One of the biggest problems with the average news media outlet is a great deal of ignorance on a very large number of topics.
A slightly lesser problem is that people misuse dictionaries. This is still a big problem but slightly less than the problem mentioned above.
The calendar which we use is a revision of the second major revision of a calendar which was first implemented at the beginning of the year which we call 45 BCE. At that time, it was known as the year 709.
A little more than five and a half centuries later, a man published a work in which he referred to the year in which he published it as being 525 years from the incarnation of Jesus. But there is no evidence as to how he came up with that number.
People in some countries started using that statement to number the years from that point onward. That was the first major revision.
But this calendar was not accurate over a long period of time due to the fact that the solar year includes a fractional day.
A little over a thousand years later another revision which introduced the day known as leap year day was introduced in some countries. Gradually over time and with minor occasional adjustments, this has become the "lingua franca" of calendars.
Those who developed this calendar did not use zero as a number. They treated zero as being merely an empty set, a null. Thus there was never a year zero in the numbering system. In modern times, some people have used the year 1 BCE as being equivalent to the year zero, but that messes up the numbering of the years which preceded 1 BCE.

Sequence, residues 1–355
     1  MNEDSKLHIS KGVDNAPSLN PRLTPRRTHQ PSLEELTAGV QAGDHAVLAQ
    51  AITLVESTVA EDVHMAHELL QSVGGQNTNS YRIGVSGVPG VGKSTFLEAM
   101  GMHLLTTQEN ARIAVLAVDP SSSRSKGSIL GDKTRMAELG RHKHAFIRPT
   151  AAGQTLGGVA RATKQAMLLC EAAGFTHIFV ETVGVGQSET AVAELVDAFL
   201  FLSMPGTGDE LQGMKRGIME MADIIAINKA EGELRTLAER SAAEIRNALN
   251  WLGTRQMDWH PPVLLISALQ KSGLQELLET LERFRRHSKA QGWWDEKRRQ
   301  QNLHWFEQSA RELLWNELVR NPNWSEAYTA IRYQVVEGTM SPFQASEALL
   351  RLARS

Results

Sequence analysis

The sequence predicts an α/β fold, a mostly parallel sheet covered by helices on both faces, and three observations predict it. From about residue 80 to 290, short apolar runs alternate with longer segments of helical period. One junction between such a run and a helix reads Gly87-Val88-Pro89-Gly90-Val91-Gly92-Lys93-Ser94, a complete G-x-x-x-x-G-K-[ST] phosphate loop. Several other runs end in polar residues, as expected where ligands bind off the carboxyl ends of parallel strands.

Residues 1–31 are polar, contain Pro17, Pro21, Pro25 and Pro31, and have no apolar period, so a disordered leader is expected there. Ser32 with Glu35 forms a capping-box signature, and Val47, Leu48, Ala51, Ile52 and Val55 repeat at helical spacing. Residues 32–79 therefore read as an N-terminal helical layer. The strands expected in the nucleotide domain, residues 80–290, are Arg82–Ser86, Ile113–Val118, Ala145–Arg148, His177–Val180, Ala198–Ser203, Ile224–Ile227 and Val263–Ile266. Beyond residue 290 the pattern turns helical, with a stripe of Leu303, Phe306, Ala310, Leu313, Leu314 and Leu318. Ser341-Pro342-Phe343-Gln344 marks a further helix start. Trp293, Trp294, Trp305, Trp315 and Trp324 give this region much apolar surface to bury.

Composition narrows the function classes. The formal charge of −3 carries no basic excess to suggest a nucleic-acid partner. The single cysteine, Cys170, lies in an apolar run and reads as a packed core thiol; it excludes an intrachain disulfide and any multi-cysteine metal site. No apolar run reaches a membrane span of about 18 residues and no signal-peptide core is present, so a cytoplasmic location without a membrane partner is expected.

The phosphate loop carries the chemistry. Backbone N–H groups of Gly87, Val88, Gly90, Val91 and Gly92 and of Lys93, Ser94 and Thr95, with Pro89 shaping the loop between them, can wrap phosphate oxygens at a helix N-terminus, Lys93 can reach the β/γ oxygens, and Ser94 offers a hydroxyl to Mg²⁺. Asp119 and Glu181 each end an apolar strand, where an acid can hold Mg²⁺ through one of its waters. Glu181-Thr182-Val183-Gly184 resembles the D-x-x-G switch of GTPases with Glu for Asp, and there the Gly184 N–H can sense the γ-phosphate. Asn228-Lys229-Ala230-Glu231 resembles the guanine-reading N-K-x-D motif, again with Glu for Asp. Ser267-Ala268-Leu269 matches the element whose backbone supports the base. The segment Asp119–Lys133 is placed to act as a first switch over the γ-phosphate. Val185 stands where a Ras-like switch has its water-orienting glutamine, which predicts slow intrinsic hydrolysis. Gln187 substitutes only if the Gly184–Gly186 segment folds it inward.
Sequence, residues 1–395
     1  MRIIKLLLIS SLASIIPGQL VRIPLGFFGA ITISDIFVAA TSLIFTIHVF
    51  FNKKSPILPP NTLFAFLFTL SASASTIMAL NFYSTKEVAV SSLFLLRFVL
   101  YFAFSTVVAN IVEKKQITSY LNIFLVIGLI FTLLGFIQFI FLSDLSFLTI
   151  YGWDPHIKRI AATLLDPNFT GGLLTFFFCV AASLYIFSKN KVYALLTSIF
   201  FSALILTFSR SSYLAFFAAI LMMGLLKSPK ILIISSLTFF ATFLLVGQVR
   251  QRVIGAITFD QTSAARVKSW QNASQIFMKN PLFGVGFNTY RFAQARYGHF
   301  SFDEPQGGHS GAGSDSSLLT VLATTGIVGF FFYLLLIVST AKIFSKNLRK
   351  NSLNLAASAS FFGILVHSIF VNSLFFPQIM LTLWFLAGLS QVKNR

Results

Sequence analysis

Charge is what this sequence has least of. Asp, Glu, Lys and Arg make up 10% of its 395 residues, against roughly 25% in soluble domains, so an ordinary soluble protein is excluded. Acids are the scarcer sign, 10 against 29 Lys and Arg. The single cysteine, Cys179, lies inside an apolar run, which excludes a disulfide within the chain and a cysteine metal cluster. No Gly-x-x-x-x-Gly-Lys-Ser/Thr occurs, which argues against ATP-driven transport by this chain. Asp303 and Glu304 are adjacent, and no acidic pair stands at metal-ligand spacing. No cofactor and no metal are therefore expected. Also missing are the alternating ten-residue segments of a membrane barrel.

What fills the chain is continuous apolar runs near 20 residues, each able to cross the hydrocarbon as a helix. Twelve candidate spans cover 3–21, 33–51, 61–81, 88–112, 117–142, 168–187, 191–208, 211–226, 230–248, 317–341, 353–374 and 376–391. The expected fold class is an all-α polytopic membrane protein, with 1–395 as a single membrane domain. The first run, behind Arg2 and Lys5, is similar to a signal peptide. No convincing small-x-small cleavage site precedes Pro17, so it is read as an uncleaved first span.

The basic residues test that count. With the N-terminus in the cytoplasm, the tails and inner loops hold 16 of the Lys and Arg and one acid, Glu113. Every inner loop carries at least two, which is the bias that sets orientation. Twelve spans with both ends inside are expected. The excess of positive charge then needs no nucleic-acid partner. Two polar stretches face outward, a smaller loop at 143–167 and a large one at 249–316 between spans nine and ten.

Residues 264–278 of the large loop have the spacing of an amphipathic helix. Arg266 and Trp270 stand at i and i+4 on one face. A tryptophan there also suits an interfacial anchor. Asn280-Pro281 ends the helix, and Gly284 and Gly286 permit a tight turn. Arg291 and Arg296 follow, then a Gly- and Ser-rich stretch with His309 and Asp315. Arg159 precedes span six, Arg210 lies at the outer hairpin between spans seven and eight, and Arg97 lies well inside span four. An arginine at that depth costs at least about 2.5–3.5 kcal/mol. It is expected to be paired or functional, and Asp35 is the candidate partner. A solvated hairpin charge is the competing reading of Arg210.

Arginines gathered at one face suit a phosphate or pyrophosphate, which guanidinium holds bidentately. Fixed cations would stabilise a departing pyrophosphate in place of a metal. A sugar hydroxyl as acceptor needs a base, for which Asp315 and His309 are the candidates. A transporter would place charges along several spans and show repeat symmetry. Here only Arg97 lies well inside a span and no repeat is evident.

Thus the calendar which we use began with January 1, 1 of the current calendar.
Ten years later, on January 1, 11 CE, the second decade began.
Ninety years after that, on January 1, 101 CE, the second century began.
Thus the current century began on January 1, 2001 and the current decade began on January 1, 2011 and will end on January 1, 2021.
Anyone who is a fan of 2001: A Space Odyssey should know that one of the main reason for the title is because 2001 is the first year of the 21st century. Arthur C. Clarke was not historically illiterate.